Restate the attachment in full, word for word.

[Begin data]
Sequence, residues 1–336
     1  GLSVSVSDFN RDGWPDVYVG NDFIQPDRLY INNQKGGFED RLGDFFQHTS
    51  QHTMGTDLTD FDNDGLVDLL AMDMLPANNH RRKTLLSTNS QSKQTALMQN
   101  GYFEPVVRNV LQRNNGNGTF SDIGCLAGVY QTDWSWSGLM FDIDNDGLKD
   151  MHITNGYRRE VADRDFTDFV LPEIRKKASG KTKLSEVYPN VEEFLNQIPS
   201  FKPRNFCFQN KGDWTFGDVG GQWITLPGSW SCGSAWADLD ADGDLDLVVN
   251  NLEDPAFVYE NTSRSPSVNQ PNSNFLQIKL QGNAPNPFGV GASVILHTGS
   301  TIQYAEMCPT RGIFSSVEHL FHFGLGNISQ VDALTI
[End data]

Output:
Sequence, residues 1–336
     1  GLSVSVSDFN RDGWPDVYVG NDFIQPDRLY INNQKGGFED RLGDFFQHTS
    51  QHTMGTDLTD FDNDGLVDLL AMDMLPANNH RRKTLLSTNS QSKQTALMQN
   101  GYFEPVVRNV LQRNNGNGTF SDIGCLAGVY QTDWSWSGLM FDIDNDGLKD
   151  MHITNGYRRE VADRDFTDFV LPEIRKKASG KTKLSEVYPN VEEFLNQIPS
   201  FKPRNFCFQN KGDWTFGDVG GQWITLPGSW SCGSAWADLD ADGDLDLVVN
   251  NLEDPAFVYE NTSRSPSVNQ PNSNFLQIKL QGNAPNPFGV GASVILHTGS
   301  TIQYAEMCPT RGIFSSVEHL FHFGLGNISQ VDALTI